If the hardware timer support code for Linux uses the clock_event infrastructure and the I-pipe core is going to use the same timer as Linux, this variable may be omitted, the same value as the Linux clock_event device will be used.

  • unsigned long freq

frequency of the hardware timer. Generally this value should be obtained from the clock framework (using the function clk_get_rate and the “struct clk” pointer to the clock used by the timer).

If the hardware timer support code for Linux uses the clock_event infrastructure and the I-pipe core is going to use the same timer as Linux, this variable may be omitted, the same value as the Linux clock_event device will be used.

  • unsigned min_delay_ticks

The hardware timer minimum delay as a count of ticks. Almost all timers based on free-running counters and match register have a threshold below which they can not be programmed. When you program such a timer with a too short value, the free-running counter will need to wrap before it matches the match register again, so the timer will appear to be stopped for a long time, then suddenly restart.

In case when this minimum delay is known as a real-time duration and not a count of ticks, the “ipipe_timer_ns2ticks” can be used, the “freq” member of the “struct ipipe_timer” structure must have been set prior to that.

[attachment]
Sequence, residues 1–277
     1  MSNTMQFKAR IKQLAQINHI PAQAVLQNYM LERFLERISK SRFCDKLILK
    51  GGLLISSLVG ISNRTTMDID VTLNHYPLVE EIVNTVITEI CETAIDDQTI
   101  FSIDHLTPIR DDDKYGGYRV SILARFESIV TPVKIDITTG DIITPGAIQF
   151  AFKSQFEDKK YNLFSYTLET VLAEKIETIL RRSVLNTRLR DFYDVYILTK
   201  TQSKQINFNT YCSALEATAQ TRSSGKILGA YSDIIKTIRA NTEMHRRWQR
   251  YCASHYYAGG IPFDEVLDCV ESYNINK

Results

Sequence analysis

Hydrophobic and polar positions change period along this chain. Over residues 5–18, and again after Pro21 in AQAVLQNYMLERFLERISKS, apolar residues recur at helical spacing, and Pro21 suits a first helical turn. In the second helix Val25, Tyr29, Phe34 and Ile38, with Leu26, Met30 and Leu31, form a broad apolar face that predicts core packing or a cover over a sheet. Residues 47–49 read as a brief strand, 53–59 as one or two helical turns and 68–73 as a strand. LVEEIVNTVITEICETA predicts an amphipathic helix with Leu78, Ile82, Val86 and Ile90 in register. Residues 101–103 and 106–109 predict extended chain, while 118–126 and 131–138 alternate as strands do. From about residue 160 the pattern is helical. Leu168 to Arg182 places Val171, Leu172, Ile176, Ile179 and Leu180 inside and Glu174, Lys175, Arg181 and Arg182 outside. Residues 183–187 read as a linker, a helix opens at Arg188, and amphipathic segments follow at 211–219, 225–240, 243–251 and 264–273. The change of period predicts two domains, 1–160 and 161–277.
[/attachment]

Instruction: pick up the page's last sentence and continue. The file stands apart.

If the hardware timer support code for Linux uses the clock_event infrastructure and the I-pipe core is going to use the same timer as Linux, this variable may be omitted, the same value as the Linux clock_event device will be used.

  • const struct cpumask *cpumask

A cpumask containing the set of cpus where this timer will be run. On SMP systems, there should be several “struct ipipe_timer” structures defined, each with only one cpu in the cpumask member.

If the hardware timer support code for Linux uses the clock_event infrastructure and the I-pipe core is going to use the same timer as Linux, this variable may be omitted, the same value as the Linux clock_event device will be used.

Once this structure is defined, there are two ways to register it to the I-pipe core:

  • if the hardware timer support code for Linux uses the clock_event infrastructure and the I-pipe core is going to use the same hardware timer as Linux, the member “ipipe_timer” of the “clock_event_device” structure should be set to this structure, and the structure will be registered by “clockevents_register_device”.
  • otherwise, the ipipe_timer_register service should be called, passing a pointer to the structure.

Example

As an example, let us look at the OMAP3 code in the I-pipe core for Linux 3.2. The unmodified Linux code is as this:

 static irqreturn_t omap2_gp_timer_interrupt(int irq, void *dev_id)
 {
        struct clock_event_device *evt = &clockevent_gpt;

        __omap_dm_timer_write_status(&clkev, OMAP_TIMER_INT_OVERFLOW);

        evt->event_handler(evt);
        return IRQ_HANDLED;
 }

The call to “__omap_dm_timer_write_status” acknowledges the interrupt hardware timer level.

 static struct clock_event_device clockevent_gpt = {
        .name           = "gp timer",
        .features       = CLOCK_EVT_FEAT_PERIODIC | CLOCK_EVT_FEAT_ONESHOT,
        .shift          = 32,
        .set_next_event = omap2_gp_timer_set_next_event,